ew Delhi, Oct 25 (UNI) Peeved over recent attacks on the minority community in Orissa, the minority leaders from Sikhs, Muslims and Christians communities' today demanded the government to recognise 'massacre' of minorities as ''genocide'' and legislate ''Hate Crime Law'' to tackle with the rising violence of ''Hindutva forces.'' Assembled at a common platform here, the leaders projected their gathering as a national debate on 'Investigating Genocide -- Role of Commissions', organised by Sikhs for Justice, a US-based human rights advocacy group, All India Sikh Students Federation(AISSF) and leaders of the three communities.
They said the killings of Sikhs in November 1984 in Delhi and other places, Muslims in Gujarat in 2002 and recent attacks on Christians in Orissa were ''orchestrated hate crimes'' amounting to a ''planned genocide'' of them.
The debate, supported and participated by the representatives from the National Commission for Inter-religious Dialogue, a Christian body and All India Council of Mosques and Imams, was dedicated to the marking of 24th year of ''genocide of Sikhs''.
The panel members of the debate included eminent journalist Kuldip Nayar, former Chairman of the National Commission for Minorities Tarlochan Singh, Father M D Thomas, Imman and Mosques Council general secretary Umer Ahmed Ilyasi, prominent lawyers-- Navkiran Singh, Vikas Sharma and Anoop Bose.
Dr Thomas pointed out that various commissions and committees, set up after the anti-Sikh riots and massacre of Muslims in Gujarat, did not give any justice to the victims and the culprits went unpunished. ''We are afraid that perpetrators of crimes against Christians in Orissa may also go scot-free,'' he added.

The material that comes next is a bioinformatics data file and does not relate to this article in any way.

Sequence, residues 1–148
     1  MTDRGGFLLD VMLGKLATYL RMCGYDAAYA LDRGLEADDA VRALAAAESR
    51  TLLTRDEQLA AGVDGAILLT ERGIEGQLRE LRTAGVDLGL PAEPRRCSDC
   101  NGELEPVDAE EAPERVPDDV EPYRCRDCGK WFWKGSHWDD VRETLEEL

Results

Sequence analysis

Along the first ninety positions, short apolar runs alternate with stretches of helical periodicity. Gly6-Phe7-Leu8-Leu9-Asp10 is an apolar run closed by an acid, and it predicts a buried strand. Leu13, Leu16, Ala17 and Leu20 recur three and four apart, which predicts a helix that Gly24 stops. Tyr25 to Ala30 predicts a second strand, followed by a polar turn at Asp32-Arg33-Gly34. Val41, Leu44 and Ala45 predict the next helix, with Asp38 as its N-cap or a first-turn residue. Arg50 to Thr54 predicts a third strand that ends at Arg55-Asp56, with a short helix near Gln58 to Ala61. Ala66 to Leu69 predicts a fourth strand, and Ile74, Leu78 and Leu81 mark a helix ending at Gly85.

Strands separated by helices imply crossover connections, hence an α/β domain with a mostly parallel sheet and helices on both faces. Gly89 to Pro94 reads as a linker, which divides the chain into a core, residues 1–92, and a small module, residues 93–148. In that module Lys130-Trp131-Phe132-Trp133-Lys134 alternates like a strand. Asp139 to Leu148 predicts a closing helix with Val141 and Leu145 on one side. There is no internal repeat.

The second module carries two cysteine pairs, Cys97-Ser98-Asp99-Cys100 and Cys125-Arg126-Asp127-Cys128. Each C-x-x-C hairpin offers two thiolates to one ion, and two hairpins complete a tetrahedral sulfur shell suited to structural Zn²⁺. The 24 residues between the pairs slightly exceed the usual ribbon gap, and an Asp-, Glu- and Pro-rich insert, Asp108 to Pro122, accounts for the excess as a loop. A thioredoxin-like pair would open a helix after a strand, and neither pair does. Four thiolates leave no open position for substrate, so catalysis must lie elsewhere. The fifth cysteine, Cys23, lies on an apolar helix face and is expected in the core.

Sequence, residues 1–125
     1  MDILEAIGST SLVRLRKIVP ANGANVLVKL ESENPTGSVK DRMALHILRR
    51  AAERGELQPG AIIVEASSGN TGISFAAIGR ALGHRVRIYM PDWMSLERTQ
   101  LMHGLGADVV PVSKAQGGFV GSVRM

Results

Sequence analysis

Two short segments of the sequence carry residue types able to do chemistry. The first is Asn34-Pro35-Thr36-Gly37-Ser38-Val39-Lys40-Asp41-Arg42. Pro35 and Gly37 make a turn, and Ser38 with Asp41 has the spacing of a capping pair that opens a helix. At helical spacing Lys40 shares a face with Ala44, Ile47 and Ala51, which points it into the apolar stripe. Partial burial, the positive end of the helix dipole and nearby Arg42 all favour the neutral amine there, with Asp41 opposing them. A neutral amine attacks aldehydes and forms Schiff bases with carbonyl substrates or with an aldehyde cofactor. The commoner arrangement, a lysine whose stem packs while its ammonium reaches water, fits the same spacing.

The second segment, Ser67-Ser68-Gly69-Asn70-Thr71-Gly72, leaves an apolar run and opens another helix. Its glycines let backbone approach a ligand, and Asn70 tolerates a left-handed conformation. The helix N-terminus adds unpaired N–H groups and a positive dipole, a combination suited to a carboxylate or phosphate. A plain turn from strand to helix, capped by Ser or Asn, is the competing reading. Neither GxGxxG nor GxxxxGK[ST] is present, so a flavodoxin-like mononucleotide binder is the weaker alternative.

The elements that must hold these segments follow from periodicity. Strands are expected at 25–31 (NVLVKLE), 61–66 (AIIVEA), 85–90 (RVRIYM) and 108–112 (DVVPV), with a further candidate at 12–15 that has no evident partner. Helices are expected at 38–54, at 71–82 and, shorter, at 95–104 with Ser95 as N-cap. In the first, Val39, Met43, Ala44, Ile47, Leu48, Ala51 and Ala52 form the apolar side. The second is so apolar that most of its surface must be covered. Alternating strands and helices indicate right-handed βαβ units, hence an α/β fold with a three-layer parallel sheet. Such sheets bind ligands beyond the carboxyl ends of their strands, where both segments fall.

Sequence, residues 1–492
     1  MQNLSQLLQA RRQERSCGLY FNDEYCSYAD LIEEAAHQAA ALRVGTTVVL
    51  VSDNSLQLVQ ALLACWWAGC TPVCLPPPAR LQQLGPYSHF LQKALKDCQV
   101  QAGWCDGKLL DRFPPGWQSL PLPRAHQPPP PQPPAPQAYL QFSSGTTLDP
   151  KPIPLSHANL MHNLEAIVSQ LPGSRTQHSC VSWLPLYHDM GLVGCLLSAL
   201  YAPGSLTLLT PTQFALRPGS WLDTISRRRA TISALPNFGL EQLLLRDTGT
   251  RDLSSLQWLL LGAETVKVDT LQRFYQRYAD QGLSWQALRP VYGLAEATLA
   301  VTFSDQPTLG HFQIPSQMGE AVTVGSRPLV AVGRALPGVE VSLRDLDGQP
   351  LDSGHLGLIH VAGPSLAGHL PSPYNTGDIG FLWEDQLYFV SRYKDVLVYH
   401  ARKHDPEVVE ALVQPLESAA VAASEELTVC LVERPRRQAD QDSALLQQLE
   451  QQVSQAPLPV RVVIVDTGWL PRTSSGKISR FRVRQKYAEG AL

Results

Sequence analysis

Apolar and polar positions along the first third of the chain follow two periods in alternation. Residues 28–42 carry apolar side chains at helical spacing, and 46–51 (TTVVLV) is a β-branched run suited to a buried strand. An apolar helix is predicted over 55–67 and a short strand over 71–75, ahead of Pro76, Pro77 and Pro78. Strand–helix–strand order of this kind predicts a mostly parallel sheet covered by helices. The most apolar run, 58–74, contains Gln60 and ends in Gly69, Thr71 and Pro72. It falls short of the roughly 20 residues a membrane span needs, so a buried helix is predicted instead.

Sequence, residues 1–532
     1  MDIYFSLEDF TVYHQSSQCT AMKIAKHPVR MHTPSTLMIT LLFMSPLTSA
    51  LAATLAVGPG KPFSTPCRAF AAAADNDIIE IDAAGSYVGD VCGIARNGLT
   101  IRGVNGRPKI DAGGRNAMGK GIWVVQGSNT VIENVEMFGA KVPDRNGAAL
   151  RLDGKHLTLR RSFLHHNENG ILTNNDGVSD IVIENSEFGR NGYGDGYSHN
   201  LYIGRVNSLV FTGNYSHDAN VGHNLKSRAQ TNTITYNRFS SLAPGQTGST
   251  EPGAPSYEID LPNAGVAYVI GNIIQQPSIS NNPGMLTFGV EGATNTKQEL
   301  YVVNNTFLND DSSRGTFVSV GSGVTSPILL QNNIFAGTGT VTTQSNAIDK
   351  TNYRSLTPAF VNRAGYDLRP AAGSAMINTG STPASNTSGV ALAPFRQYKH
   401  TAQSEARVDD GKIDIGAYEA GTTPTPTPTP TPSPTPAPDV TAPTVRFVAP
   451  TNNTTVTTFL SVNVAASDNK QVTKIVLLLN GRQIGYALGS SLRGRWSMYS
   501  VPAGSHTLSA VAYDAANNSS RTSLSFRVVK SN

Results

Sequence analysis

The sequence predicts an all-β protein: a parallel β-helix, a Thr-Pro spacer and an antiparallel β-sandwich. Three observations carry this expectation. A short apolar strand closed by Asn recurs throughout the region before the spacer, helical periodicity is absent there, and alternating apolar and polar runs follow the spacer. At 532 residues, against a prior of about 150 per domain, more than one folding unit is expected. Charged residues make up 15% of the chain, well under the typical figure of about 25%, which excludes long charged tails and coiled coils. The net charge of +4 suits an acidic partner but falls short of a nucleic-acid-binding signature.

In this context, eminent lawyer Colin Gonzalves said, ''The commissions and committees are invariably set up as part of diversionary tactics to buy time, delay justice and ultimately place a lid, for all the time to come, over the anti-minority violence.
''And, all such activities are intended to extend covert support to the Hindutva forces in their project of creating a 'theocratic state' by demolishing secular-democratic Indian polity,'' he added.
Citing an example of the recent gang rape of a nun in Orissa and police's attempt to cover it up, the penal members were unanimous in demand that cases of violence against the minorities should be investigated by the CBI.
The Centre had taken the responsibility of preserving the secular democratic set-up as envisaged by the Constitution, AISSF president Karnail Singh Peer Mohammad said.
Gurpatwant Singh Pannun, a New York-based Attorney said, ''India should legislate a 'Hate Crime Law' as the current Indian laws do not provide special prosecuting procedures and punishment for the crimes targeting religious minorities.'' While asserting the prevention of pluralism of the country for the sake of democratic polity, the gathering adopted a resolution demanding attacks on Christians and the gang rape of nun in Orissa be investigated by the CBI and massacre of minorities be recognised as ''genocide''.
UNI JSS SW KP1929